Similar policies have been introduced in other cities too. In Beijing, as well as Guangdong province and the Guangxi Zhuang autonomous region, the education authorities have ordered that public kindergartens should not provide any training courses and instead should ensure "a happy education" for children.

However, this well-intentioned policy has prompted many parents to send their children to preschool training courses. The public kindergarten Jiayi attends, the Shanghai Science and Technology Kindergarten in Xuhui district, used to teach English for 10 minutes every day. When the classes were cancelled, some concerned parents sought external alternatives.

Zhu Jianmin, director of the private Shanghai Modern Baby Kindergarten in Pudong New Area, said private kindergartens are more flexible in their teaching programs.

"We teach some math and pinyin in the second term of the senior group class so the children's transition to primary school will be as smooth as possible. This is in response to strong demand from the parents, who pay great attention to it. If we don't set homework on pinyin or English every day, they are very unhappy," she said.

This "hothousing" has resulted in widely differing academic skills among new students in primary schools, according to Zhu Yuanzhen, an English teacher who has taught at a primary school in Shanghai's Minhang district for 20 years.

"Some of the first-grade students have already achieved the level of third-grade students, such as knowing a large number of characters, communicating fluently in English and mastering double-digit multiplication and division," she said, adding that it will be difficult to implement the "zero start" policy in classes because 60 to 80 percent of the students have already learned some of the basics before beginning primary school.

"When we teach a given topic, some of the students find it difficult to follow, while others feel they've already mastered the basics, become bored and lose interest," she said, emphasizing that the teachers tailor their approach based on the demands of the majority. She said that learning gap usually disappears when the children reach the fourth or fifth grades.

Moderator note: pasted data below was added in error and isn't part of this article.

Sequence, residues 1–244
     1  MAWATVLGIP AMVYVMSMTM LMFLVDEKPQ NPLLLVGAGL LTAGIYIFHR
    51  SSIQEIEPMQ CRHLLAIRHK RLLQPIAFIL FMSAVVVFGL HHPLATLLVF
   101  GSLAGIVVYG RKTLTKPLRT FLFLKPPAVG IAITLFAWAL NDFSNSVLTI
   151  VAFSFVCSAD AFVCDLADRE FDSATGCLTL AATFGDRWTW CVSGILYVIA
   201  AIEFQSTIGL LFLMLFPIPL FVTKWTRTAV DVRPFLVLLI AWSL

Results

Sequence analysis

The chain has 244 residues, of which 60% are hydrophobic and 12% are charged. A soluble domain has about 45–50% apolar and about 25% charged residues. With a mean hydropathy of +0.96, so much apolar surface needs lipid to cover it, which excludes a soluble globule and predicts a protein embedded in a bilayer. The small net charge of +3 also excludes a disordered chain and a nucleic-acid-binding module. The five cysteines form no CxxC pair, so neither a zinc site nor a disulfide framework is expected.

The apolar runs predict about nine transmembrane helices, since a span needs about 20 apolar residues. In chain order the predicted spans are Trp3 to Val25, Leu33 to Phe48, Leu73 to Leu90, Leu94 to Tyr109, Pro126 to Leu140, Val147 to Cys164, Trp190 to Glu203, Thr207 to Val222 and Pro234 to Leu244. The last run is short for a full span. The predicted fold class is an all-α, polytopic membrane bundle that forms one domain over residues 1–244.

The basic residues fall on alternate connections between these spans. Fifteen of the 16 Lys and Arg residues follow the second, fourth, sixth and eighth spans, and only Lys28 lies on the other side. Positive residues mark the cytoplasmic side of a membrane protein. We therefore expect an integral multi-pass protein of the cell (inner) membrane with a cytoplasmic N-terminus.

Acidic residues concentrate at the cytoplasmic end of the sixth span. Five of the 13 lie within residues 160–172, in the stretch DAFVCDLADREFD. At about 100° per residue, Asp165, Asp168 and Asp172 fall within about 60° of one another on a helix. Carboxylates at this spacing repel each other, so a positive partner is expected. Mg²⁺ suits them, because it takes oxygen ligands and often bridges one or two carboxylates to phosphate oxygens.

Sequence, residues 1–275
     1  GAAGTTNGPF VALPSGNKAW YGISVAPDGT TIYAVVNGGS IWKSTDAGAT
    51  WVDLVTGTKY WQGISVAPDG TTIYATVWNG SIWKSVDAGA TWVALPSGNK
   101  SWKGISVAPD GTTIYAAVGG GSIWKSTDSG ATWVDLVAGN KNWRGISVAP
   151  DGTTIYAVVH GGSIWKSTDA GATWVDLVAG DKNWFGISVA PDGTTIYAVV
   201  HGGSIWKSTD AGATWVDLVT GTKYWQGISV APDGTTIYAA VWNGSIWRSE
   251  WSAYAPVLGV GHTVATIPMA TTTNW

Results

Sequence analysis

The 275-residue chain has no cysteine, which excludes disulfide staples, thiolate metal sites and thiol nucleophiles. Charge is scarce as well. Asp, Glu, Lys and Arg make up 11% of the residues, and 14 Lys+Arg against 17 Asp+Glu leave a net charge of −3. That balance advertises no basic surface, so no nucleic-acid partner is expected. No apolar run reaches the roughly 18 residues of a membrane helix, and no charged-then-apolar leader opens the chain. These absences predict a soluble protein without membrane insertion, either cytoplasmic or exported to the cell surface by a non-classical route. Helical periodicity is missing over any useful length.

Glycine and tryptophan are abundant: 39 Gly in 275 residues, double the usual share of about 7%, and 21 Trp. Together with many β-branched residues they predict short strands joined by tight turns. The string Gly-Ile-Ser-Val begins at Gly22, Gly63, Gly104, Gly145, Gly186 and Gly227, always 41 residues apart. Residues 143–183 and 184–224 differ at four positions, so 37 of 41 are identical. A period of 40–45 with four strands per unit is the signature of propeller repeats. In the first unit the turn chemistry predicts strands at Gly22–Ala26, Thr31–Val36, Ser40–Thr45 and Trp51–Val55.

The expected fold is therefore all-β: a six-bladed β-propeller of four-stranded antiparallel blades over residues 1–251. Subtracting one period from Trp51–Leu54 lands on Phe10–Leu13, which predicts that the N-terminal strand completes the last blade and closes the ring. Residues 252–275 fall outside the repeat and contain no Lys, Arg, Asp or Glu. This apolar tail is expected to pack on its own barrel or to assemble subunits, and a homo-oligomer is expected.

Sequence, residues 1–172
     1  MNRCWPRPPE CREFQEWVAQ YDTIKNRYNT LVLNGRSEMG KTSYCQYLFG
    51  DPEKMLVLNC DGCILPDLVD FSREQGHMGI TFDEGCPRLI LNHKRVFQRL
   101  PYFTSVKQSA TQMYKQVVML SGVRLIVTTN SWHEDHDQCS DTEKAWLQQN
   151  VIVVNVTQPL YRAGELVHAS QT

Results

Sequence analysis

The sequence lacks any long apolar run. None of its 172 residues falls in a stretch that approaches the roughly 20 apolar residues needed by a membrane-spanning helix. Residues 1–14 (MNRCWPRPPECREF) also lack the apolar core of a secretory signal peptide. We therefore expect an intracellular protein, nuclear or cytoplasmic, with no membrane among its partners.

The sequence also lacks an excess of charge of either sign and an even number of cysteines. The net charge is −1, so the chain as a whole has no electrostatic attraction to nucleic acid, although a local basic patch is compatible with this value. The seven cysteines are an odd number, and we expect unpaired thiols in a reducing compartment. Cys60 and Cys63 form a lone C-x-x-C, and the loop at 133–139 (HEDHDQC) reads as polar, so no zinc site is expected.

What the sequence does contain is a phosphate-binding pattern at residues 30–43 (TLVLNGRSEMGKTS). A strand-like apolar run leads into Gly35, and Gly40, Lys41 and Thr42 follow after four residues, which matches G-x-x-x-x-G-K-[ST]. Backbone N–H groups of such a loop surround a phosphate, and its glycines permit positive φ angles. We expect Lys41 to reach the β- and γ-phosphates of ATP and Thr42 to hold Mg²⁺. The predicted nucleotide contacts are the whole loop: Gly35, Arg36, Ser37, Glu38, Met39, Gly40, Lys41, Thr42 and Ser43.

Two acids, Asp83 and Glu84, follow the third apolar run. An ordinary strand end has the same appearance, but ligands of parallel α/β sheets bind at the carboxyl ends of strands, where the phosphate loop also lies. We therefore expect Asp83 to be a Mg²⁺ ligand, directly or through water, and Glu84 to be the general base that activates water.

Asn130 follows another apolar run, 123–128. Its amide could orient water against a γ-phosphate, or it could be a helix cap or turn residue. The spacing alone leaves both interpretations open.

Attending training courses may prove effective over the short term, but the practice can undermine children's interest in study. Moreover, the courses may also dampen curiosity and creativity because the children come to accept that most questions have only one correct answer, according to Li Yan, a professor of preschool education at Shanghai Normal University. "The most important thing in the preschool phase is to develop the children's interest, their passion for study and to inculcate a positive and cooperative attitude towards their peers, which will help them to adjust to group life at primary school."

Appropriate knowledge

To make "zero start" an effective policy, Li suggested it should be implemented at every stage of school, which means that students, no matter whether they are in primary or middle school, only need to master knowledge appropriate to their age group, "or else there will always be parents who push their children for an early start".

Yang Xiong, director of the Institute for Teenage Studies at the Shanghai Academy of Social Sciences, believes a change in parental attitudes is essential if their system is to be overhauled. "Nothing will change if parents don't update their concept of education. I have been contacted by many parents from across the country and when we talk about lightening the academic load on children, their first response is 'how should we deal with the zhongkao (the middle school entrance test) and the gaokao, then? In this regard, it's difficult to ease the children's burden," he said.

"It's important for the authorities to establish a comprehensive supervision system, which will impose strict limitations on both schools and families, and provide children with a free and happy time for growth," Yang noted.

At a preschool forum held in June, Yin Houqing, an inspector at the Shanghai Education Commission, said the commission will publish the academic requirements for every subject online when the new semester begins in September. Parents will be able to use the guidelines as a reference point by which they can judge their children's academic results.

Not all observers are pleased by the new rules, which they believe to be difficult to enforce and ill-conceived.

"In the kindergarten, the children are told to play as happily as they can, but outside they are driven to study as hard as they can. What a contradiction," said Jiayi's grandmother.